Breeding magnificent wild creatures like lions in camps so that they can be slaughtered for ego and money is unconscionable and should be outlawed.  Lions have the right to live in the wild and to continue playing their unique role within the ecological communities of Africa.  The continued existence of the canned hunting industry is a moral outrage that diminishes us all.  This important film shines a light into the dark corners of this ugly business.

Cormac Cullinan, Cullinan & Associates Incorporated

Cruel, barbaric, macabre – all words used by Australian MPs about lion farming and the canned lion hunting industry in SA.  Our campaign was glad to be able to assist and participate in a full length documentary that aims to expose a brutal industry whose whole business model is routine, egregious cruelty to helpless animals – for fun.

Chris Mercer, Founder, CACH (Campaign Against Canned Hunting)

Captive lions have long been a blemish on South Africa’s wildlife and tourism landscape and their tragic story needed to be exposed before these practices negatively impacted on Brand South Africa. Congratulations to all involved in taking the time and making this happen.

Colin Bell, Tourism consultant and author of “Africa’s Finest”

“As a travel and conservation based organization, we find the “Blood Lions” documentary deeply disturbing. Despite being hard to watch, we urge people to get out there and see it. It is important to shed light on the dark and corrupt business of rearing lions for the purposes of hunting, in hopes of making a positive change. As we polled our membership, we found that individually each of our companies have chosen to stop booking all activities that contribute to this industry.”

The Safari Professionals – 30 Tour Operators based in the US and Canada

South Africa’s failure to address the canned hunting industry has emboldened those who make a living out of the death of lions bred, raised and slaughtered on a ‘no kill, no fee’ basis. The canned hunting industry is unnatural, unethical and unacceptable. It delivers compromised animal welfare and zero education. It undermines conservation and creates a moral vacuum now inhabited by the greed and grotesque self-importance of those who derive pleasure in the taking of life.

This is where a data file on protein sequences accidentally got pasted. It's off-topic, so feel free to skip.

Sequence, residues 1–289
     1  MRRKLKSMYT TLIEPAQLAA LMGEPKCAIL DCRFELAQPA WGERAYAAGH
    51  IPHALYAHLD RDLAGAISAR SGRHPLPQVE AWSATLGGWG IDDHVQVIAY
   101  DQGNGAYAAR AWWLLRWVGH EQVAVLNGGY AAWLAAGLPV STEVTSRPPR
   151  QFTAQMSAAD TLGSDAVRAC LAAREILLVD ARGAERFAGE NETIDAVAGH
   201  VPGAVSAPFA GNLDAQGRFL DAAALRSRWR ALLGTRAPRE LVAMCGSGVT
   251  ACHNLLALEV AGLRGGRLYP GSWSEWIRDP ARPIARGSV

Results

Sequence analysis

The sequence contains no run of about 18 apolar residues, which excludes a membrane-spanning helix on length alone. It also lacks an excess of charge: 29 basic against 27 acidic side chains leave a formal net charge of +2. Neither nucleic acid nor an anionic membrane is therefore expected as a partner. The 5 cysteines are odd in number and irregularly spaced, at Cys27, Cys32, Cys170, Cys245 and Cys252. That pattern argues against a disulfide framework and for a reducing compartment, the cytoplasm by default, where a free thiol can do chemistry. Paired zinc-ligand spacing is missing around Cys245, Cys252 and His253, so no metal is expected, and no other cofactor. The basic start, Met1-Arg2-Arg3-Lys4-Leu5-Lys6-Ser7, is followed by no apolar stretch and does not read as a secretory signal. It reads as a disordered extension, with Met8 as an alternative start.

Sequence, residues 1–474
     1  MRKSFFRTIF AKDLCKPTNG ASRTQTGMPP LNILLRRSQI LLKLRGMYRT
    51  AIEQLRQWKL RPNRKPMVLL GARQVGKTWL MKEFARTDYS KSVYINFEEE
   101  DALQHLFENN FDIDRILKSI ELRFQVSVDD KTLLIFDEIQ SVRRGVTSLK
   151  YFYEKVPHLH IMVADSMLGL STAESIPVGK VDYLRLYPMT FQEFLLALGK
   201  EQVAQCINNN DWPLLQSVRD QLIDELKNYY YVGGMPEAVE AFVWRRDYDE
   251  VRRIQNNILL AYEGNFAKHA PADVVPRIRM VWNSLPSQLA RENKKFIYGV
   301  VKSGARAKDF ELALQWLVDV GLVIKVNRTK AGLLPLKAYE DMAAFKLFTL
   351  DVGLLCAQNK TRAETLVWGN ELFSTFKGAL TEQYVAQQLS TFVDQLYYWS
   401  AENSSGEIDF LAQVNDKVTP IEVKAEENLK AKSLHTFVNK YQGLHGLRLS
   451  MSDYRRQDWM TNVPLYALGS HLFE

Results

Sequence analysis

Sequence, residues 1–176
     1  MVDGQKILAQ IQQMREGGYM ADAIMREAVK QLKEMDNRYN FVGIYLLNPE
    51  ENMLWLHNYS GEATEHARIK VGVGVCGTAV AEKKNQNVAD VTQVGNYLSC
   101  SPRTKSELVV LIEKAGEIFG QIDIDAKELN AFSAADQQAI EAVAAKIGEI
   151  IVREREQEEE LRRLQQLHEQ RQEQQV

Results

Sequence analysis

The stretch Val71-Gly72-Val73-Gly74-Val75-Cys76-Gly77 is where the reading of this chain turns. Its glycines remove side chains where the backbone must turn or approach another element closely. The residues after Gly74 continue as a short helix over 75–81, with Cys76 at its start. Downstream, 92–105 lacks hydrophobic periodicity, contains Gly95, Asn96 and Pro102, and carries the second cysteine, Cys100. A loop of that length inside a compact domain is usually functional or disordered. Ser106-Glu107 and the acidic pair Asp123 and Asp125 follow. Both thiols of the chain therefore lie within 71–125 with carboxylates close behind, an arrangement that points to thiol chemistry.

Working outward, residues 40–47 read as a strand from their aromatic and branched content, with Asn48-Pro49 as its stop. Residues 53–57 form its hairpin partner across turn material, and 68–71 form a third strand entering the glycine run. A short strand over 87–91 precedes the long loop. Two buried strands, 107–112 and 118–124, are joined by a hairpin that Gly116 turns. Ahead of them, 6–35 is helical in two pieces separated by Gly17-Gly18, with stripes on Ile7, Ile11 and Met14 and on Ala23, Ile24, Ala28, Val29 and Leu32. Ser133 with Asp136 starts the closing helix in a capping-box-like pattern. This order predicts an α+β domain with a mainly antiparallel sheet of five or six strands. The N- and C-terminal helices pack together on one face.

Blood Lions lays bare the truth behind the canned hunting industry that, far from contributing to the future survival of the species, may, in fact, accelerate extinction in the wild, leaving behind a trail  littered with rotting corpses of its helpless and hopeless victims.

Will Travers OBE, President Born Free Foundation

The Marchig Animal Welfare Trust, in providing support for the making of this Documentary, does so in the firm belief that it is important that the true facts behind captive lion breeding and canned lion hunting in South Africa, is brought to the attention of a global audience in order to create awareness which in turn will lead to much needed change.

Les Ward MBE, Chairman, The Marchig Animal Welfare Trust

This is a timely, courageous as well as a deeply disturbing documentary. It is at the same time, a voice for the wild and the voiceless … of saying “NO MORE!” to that terrible triad of financial opportunism, deceit and indifference to the non-human animal by those claiming to be conservationists.

Ian McCallum – Author, poet, psychiatrist and naturalist

With the constant pressure on wildlife, every effort must be made to keep our last vestiges of natural fauna and flora protected.    Canned hunting of any kind, along with the related consequences, must be condemned by humanity as not only a travesty of nature but also an utterly inhumane practise.   Taming lion cubs only to later hunt them is an utterly inhumane practice.   It is pseudo-hunting, a complete sham and does not even qualify as hunting on a sustainable use basis.   Wildlife conservation has to evolve into practices that are ethical, humanitarian and sustainable. This will not be achieved if there is not real and fair community involvement which has not been part of the hunting fraternity’s evolution.

Yvette Taylor, Executive Director, The Lawrence Anthony Earth Organisation

“Canned lion ‘hunting’ is nothing less than a bargain basement opportunity for foreign hunters to engage in one of South Africa’s most sordid practices. Hunting of captive bred lions entirely dependent on human fingerprints from cub to trophy is immoral, unethical and against all animal welfare concerns. The fact that it still continues as profitable commerce is a damning statement against all of us who have not properly engaged to snuff it out. Blood Lions is a good start to bring change.”

Dr Pieter Kat – Director: LionAid

Canned Lion